Ensure you provide a decent sized litter tray containing good quality cat litter. Remember that the kitten may struggle to actually climb into the tray if it has high sides! So, perhaps start small and upgrade as your kitten grows.
Most kittens need to use the litter tray after they have eaten and drunk; so once they have finished a meal gently pick them up and place them into the litter tray. After a few minutes scrabble around the litter with your hand (make sure you wear gloves) – whilst this may seem slightly odd to any watching friends or family, it quickly attracts the kitten’s attention and encourages the kitten to use the tray. Kittens like to bury their waste and the scrabbling noise of the litter seems to help associate the litter tray with passing urine or faeces.
There are different types of litters and adult cats often have a preference for one type. This selectivity may start at an early age, so if the kitten is struggling with the litter tray, then try to find out what they were using before.
Even if you plan for your kitten to toilet outside once he or she is older, it is still important to litter tray train them in case there are times when a litter tray is necessary e.g. a medical need which might keep them indoors.
It is important to stay patient – never reprimand or shout at any animal for toileting in an inappropriate area. Positive reinforcement is always the better option.
It is a good idea to gently brush your kitten every day. Cats and kittens love to be stroked and groomed; brushing feels very good to them and is a positive way for you to bond. In the case of long haired cats, daily brushing is essential to keep their coats from becoming knotted and matted.
Daily handling of your kitten is also important to make them relaxed when being handled e.g. by the vet when they receive their yearly boosters and check-ups. It also allows you to spot any problems early e.g. gunky eyes, ears, lumps etc. that may benefit from being dealt with promptly.
The secret to a happy, well-adjusted and friendly adult cat is socialisation as a kitten. Meeting lots of different people and being used to being stroked is important, as is becoming used to a visit to the vet.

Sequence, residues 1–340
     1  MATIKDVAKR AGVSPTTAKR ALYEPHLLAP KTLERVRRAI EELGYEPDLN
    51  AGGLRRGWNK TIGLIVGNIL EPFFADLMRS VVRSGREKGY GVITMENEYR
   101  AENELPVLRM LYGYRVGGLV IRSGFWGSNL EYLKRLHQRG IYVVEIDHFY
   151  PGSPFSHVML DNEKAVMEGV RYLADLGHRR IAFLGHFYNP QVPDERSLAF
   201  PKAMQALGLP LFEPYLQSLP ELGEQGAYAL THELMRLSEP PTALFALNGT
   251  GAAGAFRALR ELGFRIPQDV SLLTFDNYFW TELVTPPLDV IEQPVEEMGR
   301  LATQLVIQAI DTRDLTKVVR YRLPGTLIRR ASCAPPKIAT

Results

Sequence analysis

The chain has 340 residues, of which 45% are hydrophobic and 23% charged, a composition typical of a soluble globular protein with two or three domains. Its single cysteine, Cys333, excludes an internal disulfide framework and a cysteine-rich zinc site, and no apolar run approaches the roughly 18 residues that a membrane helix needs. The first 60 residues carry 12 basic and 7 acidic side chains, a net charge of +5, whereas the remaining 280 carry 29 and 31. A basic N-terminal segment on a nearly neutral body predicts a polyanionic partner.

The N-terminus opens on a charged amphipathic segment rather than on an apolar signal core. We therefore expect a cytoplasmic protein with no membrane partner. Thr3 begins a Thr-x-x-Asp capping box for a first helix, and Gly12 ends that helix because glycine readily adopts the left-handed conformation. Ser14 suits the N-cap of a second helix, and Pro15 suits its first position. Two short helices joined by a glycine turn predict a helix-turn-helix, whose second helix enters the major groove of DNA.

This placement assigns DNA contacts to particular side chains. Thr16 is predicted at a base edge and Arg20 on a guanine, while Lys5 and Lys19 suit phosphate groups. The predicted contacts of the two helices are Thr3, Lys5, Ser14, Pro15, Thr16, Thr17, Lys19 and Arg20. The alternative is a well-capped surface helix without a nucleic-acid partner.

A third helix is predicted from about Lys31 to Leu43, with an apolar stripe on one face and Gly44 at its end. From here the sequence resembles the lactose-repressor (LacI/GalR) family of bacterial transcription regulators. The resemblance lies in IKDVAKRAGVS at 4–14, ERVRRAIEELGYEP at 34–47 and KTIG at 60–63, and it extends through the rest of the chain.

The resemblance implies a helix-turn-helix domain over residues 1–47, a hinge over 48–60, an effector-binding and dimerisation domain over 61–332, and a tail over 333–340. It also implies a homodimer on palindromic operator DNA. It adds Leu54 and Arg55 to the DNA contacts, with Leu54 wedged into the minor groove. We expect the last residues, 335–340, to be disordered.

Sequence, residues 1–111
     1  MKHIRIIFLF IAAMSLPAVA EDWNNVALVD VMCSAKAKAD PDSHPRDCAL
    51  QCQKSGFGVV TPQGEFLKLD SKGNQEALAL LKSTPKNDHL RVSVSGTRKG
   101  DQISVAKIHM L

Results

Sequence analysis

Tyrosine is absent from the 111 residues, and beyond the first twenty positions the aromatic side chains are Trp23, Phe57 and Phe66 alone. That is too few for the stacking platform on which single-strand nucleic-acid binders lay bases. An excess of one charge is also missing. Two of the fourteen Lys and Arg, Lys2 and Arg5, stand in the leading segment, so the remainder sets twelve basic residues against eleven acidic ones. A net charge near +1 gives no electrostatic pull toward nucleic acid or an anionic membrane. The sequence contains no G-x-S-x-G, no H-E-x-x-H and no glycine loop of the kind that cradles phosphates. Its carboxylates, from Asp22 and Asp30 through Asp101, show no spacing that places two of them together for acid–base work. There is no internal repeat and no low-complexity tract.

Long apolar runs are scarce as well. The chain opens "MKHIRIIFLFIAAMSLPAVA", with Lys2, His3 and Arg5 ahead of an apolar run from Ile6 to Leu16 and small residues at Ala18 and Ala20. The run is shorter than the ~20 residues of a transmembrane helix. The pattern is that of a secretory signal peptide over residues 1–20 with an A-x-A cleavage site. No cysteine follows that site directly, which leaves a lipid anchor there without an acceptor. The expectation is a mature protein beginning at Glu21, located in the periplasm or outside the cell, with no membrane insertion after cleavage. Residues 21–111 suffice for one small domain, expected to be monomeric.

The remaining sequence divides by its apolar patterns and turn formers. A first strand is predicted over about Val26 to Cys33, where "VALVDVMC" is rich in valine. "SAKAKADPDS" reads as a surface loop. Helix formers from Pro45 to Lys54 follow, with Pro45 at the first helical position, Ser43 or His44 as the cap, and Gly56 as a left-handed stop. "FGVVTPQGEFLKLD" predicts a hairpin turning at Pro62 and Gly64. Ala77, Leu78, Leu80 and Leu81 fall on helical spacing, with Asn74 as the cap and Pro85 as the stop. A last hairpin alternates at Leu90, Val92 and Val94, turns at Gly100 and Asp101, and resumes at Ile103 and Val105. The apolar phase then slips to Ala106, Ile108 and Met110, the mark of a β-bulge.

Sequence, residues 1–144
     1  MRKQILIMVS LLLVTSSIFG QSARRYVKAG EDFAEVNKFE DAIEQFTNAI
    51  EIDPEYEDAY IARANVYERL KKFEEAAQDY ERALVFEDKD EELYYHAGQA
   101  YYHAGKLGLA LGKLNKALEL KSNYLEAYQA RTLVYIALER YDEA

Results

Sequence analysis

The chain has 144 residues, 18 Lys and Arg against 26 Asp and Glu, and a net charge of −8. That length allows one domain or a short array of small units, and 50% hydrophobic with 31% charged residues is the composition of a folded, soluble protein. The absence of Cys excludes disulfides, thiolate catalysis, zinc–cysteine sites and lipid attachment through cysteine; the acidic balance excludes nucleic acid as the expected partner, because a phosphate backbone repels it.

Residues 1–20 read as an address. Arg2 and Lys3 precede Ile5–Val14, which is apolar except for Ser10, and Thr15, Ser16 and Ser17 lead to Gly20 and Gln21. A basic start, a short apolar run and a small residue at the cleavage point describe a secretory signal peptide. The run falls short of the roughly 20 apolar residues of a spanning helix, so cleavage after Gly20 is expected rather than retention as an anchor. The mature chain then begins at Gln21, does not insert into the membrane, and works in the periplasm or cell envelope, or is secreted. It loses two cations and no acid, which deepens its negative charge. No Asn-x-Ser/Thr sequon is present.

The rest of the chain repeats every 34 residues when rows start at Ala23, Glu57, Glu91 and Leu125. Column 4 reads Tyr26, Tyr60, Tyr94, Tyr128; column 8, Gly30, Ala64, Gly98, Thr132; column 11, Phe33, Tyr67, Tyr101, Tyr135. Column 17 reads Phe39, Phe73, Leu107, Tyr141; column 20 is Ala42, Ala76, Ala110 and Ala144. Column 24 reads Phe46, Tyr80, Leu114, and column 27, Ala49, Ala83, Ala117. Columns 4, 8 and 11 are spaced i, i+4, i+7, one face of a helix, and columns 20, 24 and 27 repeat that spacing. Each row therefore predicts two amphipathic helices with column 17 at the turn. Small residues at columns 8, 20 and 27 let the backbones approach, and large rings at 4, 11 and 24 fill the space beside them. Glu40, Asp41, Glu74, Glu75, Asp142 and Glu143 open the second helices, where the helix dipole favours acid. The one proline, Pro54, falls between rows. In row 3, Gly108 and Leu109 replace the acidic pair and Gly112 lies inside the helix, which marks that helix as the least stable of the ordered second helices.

People may also be introducing a kitten to a house with an adult cat – here we would advise that the adult cat has its nails clipped and they are supervised together until a bond is formed or the kitten is older. It may take a few days for the new kitten to be accepted by the older cat. Despite everything you do some cats will only ever tolerate each other at best.
Kittens are naturally very playful and are masters at turning everyday items into exciting toys, ready for play. However, in the absences of entertaining alternatives, these may well include your curtains and furniture!
Specially designed cat and kitten toys are always good fun, but most kittens will also love empty cardboard boxes and anything shiny that catches their eye. You can make your own cat and kitten toys with the inner tube of toilet tissue rolls or by hanging up old unused CDs with a piece of string which they love to chase and pat with their paws. All cats love to squeeze into tight spaces for somewhere secure and cosy to snooze, so be aware that kittens will often wedge and wriggle themselves into surprisingly small gaps, such as under sofas.
Kittens also love to flex their claws and scratch at things, this is a natural action which sharpens the nails. Provide a good quality sisal rope scratching post, many come with toys swinging from them and be prepared to place a few around to help prevent unwanted scratching of furniture and curtains.
Try placing an old door mat beside furniture or stair carpets that your kitten has taken a liking to scratching as this often encourages them to use the door mat instead.
Remember, never shout at or try to discipline your kitten in any way, but rather distract them instead with something to grab their attention and stop them from continuing with any unwanted behaviour.
Kittens are wonderful fun pets and the groundwork you put into these early stages will establish a loving rewarding relationship with your adult cat for many years to come.